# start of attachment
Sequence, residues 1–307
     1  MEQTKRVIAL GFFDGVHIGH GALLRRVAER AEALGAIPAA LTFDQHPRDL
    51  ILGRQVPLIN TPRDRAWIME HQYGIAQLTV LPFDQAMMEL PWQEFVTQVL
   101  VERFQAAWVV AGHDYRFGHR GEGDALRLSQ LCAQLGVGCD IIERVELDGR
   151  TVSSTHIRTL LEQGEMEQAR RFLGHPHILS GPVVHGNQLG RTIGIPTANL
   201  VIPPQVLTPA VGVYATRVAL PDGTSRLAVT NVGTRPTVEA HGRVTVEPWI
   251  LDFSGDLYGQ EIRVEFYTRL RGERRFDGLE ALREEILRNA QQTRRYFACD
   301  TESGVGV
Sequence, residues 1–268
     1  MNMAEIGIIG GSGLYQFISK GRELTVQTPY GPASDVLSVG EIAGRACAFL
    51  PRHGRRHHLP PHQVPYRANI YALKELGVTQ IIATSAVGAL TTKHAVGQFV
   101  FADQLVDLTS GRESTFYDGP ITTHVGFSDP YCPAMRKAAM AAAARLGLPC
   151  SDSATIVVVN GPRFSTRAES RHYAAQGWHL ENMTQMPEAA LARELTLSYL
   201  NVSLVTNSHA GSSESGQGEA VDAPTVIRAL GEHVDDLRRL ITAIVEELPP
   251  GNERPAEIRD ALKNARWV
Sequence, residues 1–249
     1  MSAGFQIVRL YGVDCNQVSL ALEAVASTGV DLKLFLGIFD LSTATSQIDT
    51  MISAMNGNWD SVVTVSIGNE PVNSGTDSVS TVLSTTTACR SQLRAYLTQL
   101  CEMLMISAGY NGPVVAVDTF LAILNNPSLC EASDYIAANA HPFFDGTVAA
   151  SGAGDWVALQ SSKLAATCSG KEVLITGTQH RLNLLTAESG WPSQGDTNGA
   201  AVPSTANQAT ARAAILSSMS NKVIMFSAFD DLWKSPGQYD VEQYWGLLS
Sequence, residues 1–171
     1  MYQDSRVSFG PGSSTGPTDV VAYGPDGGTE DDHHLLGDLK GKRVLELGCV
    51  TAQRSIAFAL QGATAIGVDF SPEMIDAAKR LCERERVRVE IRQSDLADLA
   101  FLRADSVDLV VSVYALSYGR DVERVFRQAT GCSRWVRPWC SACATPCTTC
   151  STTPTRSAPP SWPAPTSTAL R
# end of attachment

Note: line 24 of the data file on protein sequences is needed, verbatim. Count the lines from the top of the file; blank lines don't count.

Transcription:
    51  TAQRSIAFAL QGATAIGVDF SPEMIDAAKR LCERERVRVE IRQSDLADLA